If your data fits in 120GB, this drive is a very compelling alternative to the traditional high-performance database setup.  Getting a RAID controller with battery-backed write cache and a pair of drives normally adds up to around $600, and you get only fair random I/O performance from the result.  Buy a pair of these drives for around $450, use software RAID for redundancy, and you will be way ahead most of the time.  Just make sure you follow good SMART monitoring practices for these drives.  They don’t last forever, with the write limit being a known failure point even if nothing breaks before then.  There are plenty of consumables with the older technology here too, though, including replacement drives, replacement batteries, and sometimes needing to have extra controllers around as spare parts for critical systems.  There should be a cost savings with SSD now so long as your data fits in the available size.  And performance is going to be a big step up if you are hitting disk right now.  The best way to boost performance is to add more RAM, but since eventually that data needs to go to and from disk that may not always be good enough.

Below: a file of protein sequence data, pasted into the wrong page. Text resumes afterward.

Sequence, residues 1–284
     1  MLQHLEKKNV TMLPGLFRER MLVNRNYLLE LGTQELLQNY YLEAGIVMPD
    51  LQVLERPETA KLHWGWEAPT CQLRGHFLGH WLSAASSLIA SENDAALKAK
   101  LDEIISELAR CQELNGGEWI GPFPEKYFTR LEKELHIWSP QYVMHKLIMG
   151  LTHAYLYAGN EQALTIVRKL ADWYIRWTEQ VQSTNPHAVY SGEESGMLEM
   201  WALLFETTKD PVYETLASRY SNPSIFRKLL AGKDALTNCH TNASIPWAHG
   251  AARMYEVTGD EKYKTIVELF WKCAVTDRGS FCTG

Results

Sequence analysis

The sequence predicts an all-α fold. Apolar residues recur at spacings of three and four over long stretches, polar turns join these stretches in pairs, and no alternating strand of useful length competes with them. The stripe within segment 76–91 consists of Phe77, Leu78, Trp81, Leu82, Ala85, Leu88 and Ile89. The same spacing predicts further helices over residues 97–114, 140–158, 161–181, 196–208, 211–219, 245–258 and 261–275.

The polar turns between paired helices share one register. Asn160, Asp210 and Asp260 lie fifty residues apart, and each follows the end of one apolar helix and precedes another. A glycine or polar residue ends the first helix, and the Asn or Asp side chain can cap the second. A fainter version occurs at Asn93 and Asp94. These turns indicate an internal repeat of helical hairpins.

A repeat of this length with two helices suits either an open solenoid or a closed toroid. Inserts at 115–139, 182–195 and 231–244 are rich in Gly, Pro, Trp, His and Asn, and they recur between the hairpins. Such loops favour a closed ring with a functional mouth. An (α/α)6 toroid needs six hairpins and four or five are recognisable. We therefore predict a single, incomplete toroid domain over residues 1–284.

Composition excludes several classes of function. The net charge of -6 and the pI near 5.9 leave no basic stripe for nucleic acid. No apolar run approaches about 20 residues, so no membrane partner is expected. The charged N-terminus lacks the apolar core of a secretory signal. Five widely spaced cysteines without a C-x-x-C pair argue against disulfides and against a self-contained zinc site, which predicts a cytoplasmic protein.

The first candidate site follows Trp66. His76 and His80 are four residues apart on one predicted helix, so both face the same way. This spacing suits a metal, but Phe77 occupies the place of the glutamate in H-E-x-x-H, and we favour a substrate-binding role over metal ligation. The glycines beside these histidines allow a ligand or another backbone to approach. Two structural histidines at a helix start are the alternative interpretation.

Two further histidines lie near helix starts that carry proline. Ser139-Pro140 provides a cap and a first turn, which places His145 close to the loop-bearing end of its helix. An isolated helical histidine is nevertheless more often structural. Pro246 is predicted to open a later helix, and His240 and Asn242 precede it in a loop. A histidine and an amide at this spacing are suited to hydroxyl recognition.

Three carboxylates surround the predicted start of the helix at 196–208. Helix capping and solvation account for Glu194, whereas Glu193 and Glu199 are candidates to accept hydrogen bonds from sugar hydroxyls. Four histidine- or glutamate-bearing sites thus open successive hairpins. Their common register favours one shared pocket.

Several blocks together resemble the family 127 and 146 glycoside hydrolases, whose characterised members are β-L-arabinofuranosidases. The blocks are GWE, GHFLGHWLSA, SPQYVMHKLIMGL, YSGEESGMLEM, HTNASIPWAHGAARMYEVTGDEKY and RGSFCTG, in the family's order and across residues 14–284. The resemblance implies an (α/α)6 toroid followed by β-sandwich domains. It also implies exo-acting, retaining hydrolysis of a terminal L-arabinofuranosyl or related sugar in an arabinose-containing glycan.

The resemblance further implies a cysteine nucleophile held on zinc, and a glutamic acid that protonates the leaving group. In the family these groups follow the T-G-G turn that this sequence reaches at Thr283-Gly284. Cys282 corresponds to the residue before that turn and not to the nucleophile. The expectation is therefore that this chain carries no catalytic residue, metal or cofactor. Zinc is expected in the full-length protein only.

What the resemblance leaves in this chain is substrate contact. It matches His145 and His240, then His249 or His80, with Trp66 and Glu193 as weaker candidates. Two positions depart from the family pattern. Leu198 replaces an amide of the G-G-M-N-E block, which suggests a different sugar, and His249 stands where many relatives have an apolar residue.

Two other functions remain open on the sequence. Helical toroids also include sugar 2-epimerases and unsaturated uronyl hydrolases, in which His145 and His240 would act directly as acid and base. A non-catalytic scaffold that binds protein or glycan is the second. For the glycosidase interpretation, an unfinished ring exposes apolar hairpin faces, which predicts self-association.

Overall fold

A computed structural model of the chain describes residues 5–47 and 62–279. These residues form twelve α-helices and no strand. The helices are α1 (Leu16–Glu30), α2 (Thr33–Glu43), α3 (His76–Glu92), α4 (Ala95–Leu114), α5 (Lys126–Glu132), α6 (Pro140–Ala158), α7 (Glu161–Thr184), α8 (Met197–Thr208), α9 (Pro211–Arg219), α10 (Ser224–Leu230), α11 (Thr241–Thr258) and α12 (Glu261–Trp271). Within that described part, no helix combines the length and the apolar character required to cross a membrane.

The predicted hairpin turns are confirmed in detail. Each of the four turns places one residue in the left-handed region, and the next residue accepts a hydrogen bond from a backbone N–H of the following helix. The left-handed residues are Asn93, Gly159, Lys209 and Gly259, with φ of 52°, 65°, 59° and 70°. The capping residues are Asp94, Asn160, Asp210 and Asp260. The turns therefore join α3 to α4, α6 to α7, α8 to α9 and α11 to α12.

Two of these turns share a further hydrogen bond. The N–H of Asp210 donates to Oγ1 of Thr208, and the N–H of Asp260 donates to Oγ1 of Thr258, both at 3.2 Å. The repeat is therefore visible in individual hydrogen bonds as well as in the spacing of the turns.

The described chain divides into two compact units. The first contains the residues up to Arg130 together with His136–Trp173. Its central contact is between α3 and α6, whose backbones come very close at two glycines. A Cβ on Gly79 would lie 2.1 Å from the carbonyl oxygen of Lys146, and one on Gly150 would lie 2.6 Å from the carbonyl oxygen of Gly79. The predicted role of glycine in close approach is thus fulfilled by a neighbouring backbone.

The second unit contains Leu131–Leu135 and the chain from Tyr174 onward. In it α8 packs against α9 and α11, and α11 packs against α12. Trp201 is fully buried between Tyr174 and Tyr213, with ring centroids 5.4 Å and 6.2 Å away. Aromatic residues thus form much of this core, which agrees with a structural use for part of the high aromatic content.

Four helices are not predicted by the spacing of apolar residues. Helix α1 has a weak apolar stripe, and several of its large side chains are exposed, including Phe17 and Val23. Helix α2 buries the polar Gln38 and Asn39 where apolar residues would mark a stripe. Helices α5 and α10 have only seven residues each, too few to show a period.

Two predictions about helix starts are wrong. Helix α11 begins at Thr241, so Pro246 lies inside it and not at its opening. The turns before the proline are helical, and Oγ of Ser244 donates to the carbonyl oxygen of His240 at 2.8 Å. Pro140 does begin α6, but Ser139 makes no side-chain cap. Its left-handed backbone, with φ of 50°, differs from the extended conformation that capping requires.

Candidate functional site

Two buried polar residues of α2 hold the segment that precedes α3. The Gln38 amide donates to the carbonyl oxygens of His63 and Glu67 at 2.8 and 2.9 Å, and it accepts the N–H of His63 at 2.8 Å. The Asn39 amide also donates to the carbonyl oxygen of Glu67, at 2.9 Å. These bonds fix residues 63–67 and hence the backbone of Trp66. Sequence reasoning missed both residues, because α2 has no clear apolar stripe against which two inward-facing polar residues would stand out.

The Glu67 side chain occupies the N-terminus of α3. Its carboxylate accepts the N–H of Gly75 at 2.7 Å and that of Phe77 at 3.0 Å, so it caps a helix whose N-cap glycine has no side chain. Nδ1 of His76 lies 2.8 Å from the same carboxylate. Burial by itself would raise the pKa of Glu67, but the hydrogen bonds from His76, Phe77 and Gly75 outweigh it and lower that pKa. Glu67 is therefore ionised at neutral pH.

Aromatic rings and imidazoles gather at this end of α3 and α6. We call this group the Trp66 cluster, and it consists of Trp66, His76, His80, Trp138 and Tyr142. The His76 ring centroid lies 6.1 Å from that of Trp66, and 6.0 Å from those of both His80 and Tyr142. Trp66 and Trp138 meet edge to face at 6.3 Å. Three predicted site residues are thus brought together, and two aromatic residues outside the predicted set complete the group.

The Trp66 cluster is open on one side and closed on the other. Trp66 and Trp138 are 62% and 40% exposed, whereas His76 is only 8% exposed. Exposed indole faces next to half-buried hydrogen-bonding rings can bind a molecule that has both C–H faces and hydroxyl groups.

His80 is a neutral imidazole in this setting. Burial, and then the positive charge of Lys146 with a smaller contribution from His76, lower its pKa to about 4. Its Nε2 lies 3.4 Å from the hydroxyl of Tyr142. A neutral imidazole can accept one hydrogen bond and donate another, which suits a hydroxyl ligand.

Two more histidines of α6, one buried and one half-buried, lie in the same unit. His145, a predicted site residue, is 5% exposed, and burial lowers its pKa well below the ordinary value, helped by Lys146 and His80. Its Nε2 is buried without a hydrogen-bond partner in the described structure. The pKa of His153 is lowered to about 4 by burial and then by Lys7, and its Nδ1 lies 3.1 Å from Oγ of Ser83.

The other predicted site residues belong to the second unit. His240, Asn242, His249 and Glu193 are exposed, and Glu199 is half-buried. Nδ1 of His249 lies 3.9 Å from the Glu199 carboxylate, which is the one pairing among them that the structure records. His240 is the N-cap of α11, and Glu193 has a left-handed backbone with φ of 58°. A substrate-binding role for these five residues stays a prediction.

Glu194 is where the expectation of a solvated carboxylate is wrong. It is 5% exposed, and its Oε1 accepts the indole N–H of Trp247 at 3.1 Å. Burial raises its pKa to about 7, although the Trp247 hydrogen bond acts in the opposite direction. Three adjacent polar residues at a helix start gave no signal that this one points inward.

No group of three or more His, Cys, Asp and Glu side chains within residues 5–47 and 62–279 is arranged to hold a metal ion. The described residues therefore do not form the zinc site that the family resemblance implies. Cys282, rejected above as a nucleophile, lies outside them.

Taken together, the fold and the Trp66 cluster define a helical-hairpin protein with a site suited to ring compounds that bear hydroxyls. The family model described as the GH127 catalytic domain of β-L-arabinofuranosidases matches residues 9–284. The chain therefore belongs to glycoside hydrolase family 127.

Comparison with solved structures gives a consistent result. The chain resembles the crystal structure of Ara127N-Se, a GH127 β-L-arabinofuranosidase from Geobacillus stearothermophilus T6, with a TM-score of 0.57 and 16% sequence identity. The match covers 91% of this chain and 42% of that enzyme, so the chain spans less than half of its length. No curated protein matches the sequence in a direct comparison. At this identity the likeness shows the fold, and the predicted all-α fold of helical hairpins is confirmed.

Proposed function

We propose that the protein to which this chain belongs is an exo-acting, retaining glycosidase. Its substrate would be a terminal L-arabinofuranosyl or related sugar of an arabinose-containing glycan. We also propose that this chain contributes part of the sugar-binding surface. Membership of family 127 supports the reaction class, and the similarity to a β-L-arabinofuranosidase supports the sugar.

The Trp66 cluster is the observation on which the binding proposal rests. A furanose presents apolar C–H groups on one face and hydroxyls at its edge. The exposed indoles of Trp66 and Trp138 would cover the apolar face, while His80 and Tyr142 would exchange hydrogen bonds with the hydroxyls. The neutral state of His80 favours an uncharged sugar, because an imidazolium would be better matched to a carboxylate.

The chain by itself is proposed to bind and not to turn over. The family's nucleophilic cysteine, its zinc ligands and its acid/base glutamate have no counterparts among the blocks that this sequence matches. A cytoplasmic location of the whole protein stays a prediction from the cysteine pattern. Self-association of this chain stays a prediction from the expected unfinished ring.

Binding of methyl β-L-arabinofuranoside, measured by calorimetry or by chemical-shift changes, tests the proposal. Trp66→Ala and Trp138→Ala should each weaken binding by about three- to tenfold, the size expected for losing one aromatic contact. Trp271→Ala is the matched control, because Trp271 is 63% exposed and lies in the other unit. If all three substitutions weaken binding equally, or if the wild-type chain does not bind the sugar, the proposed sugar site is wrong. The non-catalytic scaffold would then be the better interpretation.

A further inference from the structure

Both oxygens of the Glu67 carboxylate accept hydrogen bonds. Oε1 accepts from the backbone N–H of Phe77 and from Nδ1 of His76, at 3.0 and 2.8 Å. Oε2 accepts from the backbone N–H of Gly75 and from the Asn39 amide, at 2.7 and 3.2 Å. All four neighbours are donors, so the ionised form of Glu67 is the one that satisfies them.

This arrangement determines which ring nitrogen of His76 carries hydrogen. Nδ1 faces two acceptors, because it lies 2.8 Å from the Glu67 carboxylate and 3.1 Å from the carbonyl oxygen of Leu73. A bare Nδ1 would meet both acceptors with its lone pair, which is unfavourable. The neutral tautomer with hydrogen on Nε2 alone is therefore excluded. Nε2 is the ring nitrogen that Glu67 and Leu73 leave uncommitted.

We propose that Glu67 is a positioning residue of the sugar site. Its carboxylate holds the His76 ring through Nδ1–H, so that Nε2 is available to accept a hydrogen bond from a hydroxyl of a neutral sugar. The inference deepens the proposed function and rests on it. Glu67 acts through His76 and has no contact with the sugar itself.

Intel, you get my official thumbs-up here:  you have finally done the right thing, and I’ll be happy to recommend you as a vendor now that you have.  I’m still trying to figure out what I’m going to do with my now faster than ever server at home, and that’s a good problem to have.

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  1. […] for any production server that lacks a durable cache layer, e.g. BBU (Battery-Backed Unit)>, non-volatile drive cache. Having a durable cache layer can improve write transaction performance 10 or […]